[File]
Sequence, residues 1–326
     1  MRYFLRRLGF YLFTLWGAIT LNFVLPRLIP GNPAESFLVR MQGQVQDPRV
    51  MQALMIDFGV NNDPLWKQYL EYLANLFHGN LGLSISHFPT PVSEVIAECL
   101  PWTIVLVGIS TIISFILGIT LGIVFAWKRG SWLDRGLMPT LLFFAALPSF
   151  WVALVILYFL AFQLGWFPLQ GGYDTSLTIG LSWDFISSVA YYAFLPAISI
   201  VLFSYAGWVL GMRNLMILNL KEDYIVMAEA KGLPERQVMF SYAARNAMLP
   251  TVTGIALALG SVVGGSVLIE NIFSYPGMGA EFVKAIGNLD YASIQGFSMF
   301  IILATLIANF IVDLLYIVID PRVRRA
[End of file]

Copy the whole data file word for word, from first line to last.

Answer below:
Sequence, residues 1–326
     1  MRYFLRRLGF YLFTLWGAIT LNFVLPRLIP GNPAESFLVR MQGQVQDPRV
    51  MQALMIDFGV NNDPLWKQYL EYLANLFHGN LGLSISHFPT PVSEVIAECL
   101  PWTIVLVGIS TIISFILGIT LGIVFAWKRG SWLDRGLMPT LLFFAALPSF
   151  WVALVILYFL AFQLGWFPLQ GGYDTSLTIG LSWDFISSVA YYAFLPAISI
   201  VLFSYAGWVL GMRNLMILNL KEDYIVMAEA KGLPERQVMF SYAARNAMLP
   251  TVTGIALALG SVVGGSVLIE NIFSYPGMGA EFVKAIGNLD YASIQGFSMF
   301  IILATLIANF IVDLLYIVID PRVRRA